As the purpose of life is to reproduce, wouldn't that be more important for endangered species if wildlife is on the verge of extinction?
Wouldn't reproduction be more important for endangered species if the depleting population of animals &/or wildlife were to affect (or screw up) the balance of ecosystems or food chain?
- yodiLv 61 month ago
really complex life just emerged in the last half billion. there's a couple of billion years to come
- MikeLv 71 month ago
Raise them on farms
- οικοςLv 71 month ago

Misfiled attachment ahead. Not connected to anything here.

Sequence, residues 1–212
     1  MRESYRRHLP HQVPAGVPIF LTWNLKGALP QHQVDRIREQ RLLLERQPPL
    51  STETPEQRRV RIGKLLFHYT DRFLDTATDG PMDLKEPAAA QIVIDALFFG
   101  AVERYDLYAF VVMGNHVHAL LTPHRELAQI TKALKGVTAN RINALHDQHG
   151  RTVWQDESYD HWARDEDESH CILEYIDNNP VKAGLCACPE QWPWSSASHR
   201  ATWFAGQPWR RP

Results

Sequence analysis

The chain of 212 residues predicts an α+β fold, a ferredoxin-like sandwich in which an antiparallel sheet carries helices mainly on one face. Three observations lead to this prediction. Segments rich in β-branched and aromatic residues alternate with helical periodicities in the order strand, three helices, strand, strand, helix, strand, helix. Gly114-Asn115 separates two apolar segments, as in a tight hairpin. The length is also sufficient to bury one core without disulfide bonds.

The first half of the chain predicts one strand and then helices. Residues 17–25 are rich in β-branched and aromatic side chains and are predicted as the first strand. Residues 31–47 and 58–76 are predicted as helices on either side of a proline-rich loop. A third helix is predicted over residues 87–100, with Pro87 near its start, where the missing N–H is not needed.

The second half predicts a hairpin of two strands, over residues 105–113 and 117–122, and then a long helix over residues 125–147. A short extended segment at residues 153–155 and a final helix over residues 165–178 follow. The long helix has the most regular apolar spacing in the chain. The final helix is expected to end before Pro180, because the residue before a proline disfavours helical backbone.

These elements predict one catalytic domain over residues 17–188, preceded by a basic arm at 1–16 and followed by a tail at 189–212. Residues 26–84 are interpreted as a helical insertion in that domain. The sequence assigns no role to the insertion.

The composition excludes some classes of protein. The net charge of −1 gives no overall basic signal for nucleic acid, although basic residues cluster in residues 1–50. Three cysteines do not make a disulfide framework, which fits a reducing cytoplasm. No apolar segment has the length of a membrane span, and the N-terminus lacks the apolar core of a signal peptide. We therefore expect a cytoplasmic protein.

Google Leibig's Law of the Minimum. There is always one (rarely more) factor that controls population size. As an analogy, assume that you want to make omelets for your entire family. You have plenty of meat and tons of onions and other vegetables. However, if there are only two eggs in the house, you are going to have to change your plans. To get back to your question, increasing reproduction rate will only raise population levels if that is the controlling factor. However, in almost every instance, extinction in modern times is precipitated by loss of suitable habitat. There ARE cases where captive reproduction has helped but they are rare enough that books have been written about them. The California condor and red wolf come to mind; I can't think of any others.